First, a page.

The Government of Iraq has been concentrating on providing basic necessities to its people while striving to maintain order and security.

Electricity has been an issue Iraqis are concerned about. In the southern city of Basra and throughout Iraq demonstrations have been held demanding more reliable power.

In response, steps are in place to help ease the power problems.

In the southern port of Umm Qasr, the hub of imports and exports for the country, a large ship sits moored to the docks. It is adorned with Turkish and Iraqi flags painted on the side, and large transformers cover the majority of the deck.

"It's like an on-land power facility," said Coast Guard Lt. j.g. Frank Bullock, a logistic coordinator with the Joint Interagency Task Force. Reciprocating generators on the deck of the ship use a refined fuel provided by the Iraqi Department of Energy. The electricity is run to the Iraqi power grid. This ship alone has the ability to power Umm Qasr with some left over, he said.

"So far, we have had no security incidents," said the plant manager and ship captain, Mutlu Cevlik, a Turkish sailor from Istanbul. A five-year contract has been signed with the Iraqi Department of Energy for the ship to provide power, he said. A second ship has also been dispatched from Turkey.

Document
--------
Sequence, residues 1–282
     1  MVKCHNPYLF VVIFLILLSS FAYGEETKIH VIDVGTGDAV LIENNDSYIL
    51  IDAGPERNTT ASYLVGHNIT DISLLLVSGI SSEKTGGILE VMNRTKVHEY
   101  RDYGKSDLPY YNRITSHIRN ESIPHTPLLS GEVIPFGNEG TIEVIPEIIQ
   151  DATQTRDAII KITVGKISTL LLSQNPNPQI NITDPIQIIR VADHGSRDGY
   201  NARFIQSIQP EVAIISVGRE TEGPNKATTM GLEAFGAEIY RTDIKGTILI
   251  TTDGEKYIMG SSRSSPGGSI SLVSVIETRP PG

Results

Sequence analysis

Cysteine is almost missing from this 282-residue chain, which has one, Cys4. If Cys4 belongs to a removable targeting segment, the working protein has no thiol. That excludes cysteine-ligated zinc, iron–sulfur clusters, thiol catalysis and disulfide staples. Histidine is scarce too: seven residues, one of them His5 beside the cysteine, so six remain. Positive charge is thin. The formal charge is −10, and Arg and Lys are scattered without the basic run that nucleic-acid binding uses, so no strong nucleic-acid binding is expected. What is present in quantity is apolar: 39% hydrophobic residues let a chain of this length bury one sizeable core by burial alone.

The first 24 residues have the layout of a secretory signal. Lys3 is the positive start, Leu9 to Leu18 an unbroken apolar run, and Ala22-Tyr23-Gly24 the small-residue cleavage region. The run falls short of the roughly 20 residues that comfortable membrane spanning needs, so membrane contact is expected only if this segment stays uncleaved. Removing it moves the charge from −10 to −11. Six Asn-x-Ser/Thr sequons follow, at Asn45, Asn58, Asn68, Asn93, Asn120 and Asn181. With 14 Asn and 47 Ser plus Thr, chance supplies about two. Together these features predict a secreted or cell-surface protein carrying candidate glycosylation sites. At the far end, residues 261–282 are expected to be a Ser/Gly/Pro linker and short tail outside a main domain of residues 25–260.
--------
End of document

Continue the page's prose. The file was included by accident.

Security cameras and local guards have been hired to help secure the ship, Cevlik said. Around 70 people from Umm Qasr keep the ship safe 24 hours a day. Onboard, Turkish workers keep the generators maintained and running.

"Sand storms are the biggest problem," Cevlik said. The generators operate as close to full capacity as possible, but during periods of high wind, sand and dirt get caught in the filters causing overheating and automatic shutdowns.

Cevlick is confident issues like these will be easy to get around. The next step is to hire a security officer to help bring the ship up to international safety standards.

"We want to make this environment better," Cevlick said.

Page last updated Fri July 22nd, 2011 at 12:16